Southwest Michigan media examines mental health issues
Southwest Michigan media organizations are working to shed light on the issue of mental health. WMUK is one of 12 members of the Southwest Michigan Journalism Collaborative. The Mental Wellness Project examines challenges and solutions to mental health issues.
The press release can be found below
Southwest Michigan News Collaboration Announces First Reporting Project to Examine Community Mental Health Challenges and Solutions
In an effort to improve the news landscape and promote diversity and inclusion of voices among journalists and news sources in Southwest Michigan, a group of 12 media and news organizations have formed the Southwest Michigan Journalism Collaborative (SWJMC).
SWMJC media and community partners include:
Voice of the community
Kalamazoo Community Foundation
· New/New opinion
Public Media Network
Second Wave Southwest Michigan
UMM School of Communication
WMU Student Media Group
Public Radio WMUK 102.1 FM
The collaboration began meeting in 2019 to explore how, in today’s landscape of shrinking news organizations and personnel, local media leaders could work together to tell our community’s most critical stories.
Since the first meeting in 2019, members of the collaboration have published joint reports on homelessness solutions and a back-to-school series examining how to overcome barriers to academic success for families and students whose primary language is Spanish.
In September 2021, the SWMJC received a $100,000 grant from the Solutions Journalism Network to launch the Mental Wellness Project. SJN is an organization focused on facilitating and encouraging the practice of solutions journalism through rigorous reporting on responses to social issues. The collaboration also received $27,500 from the Kalamazoo Community Foundation to support the work.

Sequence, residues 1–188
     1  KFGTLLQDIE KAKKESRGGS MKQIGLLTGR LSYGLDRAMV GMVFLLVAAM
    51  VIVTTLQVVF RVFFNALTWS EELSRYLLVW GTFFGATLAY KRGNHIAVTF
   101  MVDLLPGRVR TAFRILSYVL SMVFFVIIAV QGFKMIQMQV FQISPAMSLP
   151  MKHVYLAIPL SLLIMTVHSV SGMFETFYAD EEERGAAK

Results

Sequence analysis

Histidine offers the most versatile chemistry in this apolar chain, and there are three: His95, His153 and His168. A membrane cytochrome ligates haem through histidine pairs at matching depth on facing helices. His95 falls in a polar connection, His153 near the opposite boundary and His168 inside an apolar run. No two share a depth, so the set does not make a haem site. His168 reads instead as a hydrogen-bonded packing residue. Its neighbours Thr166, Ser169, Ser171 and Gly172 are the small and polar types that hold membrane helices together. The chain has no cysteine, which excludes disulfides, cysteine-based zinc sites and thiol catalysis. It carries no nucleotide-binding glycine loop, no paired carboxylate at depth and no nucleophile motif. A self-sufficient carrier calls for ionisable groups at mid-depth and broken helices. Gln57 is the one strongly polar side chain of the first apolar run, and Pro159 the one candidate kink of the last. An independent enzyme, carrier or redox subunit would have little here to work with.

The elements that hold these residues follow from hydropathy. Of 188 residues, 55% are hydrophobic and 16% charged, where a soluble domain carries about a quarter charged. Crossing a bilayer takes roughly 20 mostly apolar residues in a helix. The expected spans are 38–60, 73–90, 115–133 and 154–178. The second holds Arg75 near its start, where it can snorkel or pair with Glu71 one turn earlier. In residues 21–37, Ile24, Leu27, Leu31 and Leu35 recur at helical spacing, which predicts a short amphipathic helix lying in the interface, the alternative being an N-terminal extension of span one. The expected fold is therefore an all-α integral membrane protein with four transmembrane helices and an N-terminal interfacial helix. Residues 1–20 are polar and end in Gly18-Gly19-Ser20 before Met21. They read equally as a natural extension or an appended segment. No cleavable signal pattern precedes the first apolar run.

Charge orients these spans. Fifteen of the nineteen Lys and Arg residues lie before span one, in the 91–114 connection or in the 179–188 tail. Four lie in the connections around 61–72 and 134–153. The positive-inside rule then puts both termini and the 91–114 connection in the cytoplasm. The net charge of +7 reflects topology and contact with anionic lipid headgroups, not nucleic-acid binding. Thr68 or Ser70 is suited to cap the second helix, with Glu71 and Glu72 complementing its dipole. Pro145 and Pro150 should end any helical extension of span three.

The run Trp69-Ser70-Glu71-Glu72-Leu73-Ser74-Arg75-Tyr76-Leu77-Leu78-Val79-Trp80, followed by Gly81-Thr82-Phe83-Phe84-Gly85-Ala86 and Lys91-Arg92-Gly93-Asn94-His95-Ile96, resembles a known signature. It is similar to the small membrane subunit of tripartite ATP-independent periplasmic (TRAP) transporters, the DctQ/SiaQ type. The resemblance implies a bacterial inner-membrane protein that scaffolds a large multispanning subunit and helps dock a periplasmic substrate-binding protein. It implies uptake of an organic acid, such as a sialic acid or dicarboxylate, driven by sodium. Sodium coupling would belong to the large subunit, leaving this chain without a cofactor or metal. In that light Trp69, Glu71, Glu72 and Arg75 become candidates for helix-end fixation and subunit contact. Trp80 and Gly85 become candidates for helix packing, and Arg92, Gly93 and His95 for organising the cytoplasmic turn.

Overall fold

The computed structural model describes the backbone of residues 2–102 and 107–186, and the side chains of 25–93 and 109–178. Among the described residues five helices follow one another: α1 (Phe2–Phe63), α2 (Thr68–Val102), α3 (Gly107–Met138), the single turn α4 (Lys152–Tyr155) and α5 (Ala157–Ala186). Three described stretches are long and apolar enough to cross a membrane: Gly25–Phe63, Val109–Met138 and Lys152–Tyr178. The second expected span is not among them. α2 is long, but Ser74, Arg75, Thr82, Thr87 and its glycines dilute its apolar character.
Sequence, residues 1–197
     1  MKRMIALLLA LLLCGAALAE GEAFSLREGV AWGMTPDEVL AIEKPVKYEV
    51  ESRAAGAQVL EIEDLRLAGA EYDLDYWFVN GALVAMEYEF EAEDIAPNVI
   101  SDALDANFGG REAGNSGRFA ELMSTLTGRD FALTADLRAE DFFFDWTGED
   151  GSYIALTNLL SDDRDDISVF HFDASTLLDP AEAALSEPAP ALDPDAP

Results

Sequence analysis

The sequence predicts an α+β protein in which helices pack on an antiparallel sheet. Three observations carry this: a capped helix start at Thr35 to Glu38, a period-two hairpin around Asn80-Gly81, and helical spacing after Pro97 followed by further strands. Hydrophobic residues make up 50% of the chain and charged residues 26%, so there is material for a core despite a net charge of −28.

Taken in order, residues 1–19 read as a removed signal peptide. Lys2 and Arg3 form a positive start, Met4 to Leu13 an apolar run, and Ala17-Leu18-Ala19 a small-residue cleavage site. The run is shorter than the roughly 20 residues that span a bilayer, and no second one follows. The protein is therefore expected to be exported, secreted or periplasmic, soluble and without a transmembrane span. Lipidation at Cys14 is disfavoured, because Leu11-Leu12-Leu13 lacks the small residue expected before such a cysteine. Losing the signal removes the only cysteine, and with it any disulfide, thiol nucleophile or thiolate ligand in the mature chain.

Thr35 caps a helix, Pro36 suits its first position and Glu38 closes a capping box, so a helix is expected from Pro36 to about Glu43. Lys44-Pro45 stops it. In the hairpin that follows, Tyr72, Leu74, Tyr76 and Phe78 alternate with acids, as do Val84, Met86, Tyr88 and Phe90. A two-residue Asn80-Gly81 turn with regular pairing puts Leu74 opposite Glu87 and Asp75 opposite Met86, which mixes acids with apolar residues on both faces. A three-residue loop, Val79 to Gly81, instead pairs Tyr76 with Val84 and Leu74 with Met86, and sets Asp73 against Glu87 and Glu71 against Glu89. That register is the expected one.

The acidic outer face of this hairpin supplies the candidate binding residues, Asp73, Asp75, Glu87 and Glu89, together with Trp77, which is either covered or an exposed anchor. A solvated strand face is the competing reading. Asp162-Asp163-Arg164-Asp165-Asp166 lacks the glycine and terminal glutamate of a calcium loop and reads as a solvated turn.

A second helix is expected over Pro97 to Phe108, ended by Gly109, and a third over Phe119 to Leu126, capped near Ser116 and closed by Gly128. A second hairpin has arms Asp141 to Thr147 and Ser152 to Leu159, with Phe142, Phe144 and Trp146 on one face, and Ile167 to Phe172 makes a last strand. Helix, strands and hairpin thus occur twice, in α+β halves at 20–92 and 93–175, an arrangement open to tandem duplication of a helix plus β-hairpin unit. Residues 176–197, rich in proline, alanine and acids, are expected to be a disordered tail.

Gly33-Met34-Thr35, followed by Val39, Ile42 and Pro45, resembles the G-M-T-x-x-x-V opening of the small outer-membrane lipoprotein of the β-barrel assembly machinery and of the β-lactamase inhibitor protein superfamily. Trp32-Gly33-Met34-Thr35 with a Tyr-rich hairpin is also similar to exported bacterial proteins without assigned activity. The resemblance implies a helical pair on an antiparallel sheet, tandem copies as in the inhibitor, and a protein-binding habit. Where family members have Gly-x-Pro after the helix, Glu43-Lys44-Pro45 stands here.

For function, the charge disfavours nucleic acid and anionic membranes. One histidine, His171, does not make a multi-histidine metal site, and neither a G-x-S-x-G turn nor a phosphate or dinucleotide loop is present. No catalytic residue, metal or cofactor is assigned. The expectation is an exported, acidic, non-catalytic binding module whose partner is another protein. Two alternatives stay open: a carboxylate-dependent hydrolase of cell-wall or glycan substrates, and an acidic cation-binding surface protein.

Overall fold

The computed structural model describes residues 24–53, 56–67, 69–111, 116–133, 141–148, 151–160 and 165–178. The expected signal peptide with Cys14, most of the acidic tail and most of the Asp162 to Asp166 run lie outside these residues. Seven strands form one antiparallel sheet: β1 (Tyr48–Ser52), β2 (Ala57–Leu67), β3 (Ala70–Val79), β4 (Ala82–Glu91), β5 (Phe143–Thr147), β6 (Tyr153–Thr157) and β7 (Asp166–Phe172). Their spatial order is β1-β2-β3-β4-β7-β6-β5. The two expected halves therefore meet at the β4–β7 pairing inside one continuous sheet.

The Mental Wellness Project is the first SWMJC project that will have reporting and involvement from all collaborating partners and will examine limited access to mental health services due to social stigma, scarcity of mental health professionals – especially mental health professionals who are culturally competent – and the availability and affordability of high-quality services to close the access gap.
“This mental health project is a big step forward for the collaboration,” said Mickey Ciokajlo, local news director for MLive, which includes the Kalamazoo Gazette. closely with each other covering important issues in the community. »
As a solutions journalism effort, SWMJC’s Mental Wellness Project reporting will provide stories and information that will help people understand issues and challenges and show potential ways to respond. The Mental Wellness Project will pay particular attention to the crisis caused by social isolation and loneliness related to COVID-19.
The stories that are part of the project are published by collaborative partners on their own media platforms as well as on the SWMJC website at swmichjournalism.org.
“The ongoing pandemic has increased the need for mental health care, while simultaneously limiting access,” said Kathy Jennings, managing editor of Southwest Michigan’s Second Wave Media. “The seriousness of the current mental health situation has been widely discovered in our market.”
Additionally, the collaboration has hosted three editorial consultative meetings, meeting with community members and mental health care providers who help provide collaboration members with an accurate picture of what works and doesn’t work when it comes to mental health access and treatment in our community.
To guide the work and execution of the funded project, SWMJC recently welcomed Melinda Clynes as Project Manager and Editor. Clynes worked as a freelance writer and marketing consultant for 30 years.
“I’m so excited to take on this role with the Southwest Michigan Journalism Collaborative and its Mental Wellness Project,” Clynes said. “It is a privilege to work with the smart and committed journalists and leaders who are part of the collaboration and to meet members of the community who can share their concerns with us. With these two elements in play, we have an opportunity amazing to elevate the discussion on how to improve access to mental health services to build healthier, happier communities.”
The Solutions Journalism Network grant is the collective’s first major funding.